Abstract - Combat versus team sports: effects of gender in peer motivational climate, fun and violence of physical education students
Background and aim. The inclusion of martial arts and combat sports (MA&CS) in formal physical education (PE) has been suggested by many authors, although there is no strong evidence as yet of the benefits of its practice for students. This study aimed to describe the effects of the development of two MA&CS teaching units (judo and capoeira) on the motivational climate, enjoyment and attitudes toward violence of PE students, and to compare these effects with those experienced by students receiving team sports teaching units (football and basketball).
Methodology. A quasi-experimental, pre-post (two groups), longitudinal study design was followed, involving 221 students aged between 13 and 16. The experimental group (n = 105) developed MA&CS teaching units, while the control group (n = 116) developed team sport, teaching units. A peer motivational climate questionnaire, the amusement/boredom in physical education scale and the attitudes toward violence scale psychological assessment tools were used. Statistical analyses included means and standard deviations, two-way equivalent multifactorial ANOVA and effect sizes Results: MA&CS teaching units significantly improved the classroom motivational climate involving tasks/learning, and students’ attitudes toward unjustified violence. The post-test intergroup comparison showed that the experimental group rejected unjustified violence to a higher degree than the control group (p = .014, d = .81). Improvements in attitudes to unjustified violence were for both males (p = .017, d = .82), and females (p = .021, d = .78) in the experimental group, while the climate involving tasks/learning only improved in males (p = .037, d = .77).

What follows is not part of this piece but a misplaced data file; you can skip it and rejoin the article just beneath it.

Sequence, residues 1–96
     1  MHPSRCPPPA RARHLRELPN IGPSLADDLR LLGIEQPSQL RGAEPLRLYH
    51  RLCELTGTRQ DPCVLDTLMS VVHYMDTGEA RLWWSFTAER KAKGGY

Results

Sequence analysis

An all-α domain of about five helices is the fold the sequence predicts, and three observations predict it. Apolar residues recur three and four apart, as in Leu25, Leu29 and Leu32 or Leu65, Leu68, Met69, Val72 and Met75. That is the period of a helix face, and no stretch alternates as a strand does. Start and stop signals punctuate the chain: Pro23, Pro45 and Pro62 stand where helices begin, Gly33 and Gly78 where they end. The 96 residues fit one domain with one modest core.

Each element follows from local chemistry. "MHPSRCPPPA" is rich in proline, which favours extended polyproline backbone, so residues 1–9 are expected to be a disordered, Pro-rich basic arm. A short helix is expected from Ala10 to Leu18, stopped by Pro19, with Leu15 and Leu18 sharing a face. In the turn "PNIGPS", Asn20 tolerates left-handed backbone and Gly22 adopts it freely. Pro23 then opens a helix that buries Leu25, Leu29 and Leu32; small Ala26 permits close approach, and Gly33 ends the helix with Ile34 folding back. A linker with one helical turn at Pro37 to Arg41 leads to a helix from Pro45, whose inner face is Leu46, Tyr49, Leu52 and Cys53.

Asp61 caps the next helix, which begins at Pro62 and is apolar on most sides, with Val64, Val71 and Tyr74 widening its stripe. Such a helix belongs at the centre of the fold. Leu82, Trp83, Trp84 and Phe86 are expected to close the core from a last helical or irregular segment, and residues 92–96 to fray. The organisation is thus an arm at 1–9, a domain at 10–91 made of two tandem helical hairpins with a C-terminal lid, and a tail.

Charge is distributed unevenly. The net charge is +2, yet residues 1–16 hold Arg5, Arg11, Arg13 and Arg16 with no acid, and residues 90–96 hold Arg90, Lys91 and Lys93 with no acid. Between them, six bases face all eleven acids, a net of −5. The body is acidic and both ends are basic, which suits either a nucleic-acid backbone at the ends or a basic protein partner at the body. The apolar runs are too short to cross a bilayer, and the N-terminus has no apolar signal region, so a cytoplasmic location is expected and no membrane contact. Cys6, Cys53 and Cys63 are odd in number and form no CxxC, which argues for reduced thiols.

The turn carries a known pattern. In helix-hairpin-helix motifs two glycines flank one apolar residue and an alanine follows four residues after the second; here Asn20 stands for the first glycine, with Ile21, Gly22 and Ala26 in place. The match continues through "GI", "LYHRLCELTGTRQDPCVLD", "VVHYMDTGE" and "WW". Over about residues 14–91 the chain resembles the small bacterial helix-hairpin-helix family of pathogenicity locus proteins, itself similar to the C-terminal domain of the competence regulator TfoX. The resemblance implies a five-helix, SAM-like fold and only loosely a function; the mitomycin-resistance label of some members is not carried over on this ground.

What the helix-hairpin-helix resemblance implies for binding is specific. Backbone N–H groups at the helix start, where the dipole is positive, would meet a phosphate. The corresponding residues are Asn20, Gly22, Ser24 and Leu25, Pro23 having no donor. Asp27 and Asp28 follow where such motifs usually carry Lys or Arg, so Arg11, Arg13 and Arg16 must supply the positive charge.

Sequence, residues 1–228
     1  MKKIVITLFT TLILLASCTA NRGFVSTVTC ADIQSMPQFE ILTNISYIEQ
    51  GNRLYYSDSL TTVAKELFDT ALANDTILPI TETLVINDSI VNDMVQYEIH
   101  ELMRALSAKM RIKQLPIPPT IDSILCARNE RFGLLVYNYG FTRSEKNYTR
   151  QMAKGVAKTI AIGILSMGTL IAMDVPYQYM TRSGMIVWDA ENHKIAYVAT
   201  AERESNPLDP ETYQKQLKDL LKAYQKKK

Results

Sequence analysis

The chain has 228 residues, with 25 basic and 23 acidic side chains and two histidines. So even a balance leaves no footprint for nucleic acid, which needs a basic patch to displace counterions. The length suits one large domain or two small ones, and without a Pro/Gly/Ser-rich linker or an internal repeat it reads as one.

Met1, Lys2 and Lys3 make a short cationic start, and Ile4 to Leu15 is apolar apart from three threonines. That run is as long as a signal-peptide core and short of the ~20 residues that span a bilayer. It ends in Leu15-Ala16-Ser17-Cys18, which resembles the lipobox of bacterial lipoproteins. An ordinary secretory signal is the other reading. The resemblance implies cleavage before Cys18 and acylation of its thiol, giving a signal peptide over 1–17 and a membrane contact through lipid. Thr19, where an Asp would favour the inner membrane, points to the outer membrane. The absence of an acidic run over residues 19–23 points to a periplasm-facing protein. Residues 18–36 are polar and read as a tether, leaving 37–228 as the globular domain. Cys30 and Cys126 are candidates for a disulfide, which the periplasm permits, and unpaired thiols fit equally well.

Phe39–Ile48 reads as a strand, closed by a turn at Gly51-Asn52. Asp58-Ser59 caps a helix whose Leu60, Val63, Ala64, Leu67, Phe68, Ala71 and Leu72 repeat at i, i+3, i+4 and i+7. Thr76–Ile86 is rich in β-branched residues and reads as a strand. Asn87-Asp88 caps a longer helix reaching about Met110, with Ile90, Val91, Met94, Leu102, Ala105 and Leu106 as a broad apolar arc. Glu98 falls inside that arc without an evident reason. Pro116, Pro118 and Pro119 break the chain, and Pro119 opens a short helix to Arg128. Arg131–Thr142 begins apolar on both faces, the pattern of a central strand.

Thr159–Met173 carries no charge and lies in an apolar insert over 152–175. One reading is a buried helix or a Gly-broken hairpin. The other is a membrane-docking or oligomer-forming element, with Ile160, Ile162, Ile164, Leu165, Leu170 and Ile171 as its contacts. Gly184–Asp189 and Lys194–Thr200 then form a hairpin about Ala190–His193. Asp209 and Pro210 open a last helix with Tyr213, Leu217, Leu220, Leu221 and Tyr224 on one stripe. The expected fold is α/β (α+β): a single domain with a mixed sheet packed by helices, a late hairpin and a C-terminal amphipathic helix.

Conclusion. MA&CS teaching units improved students’ attitudes toward violence and generated a higher peer motivational climate than, and similar fun as team sports teaching units.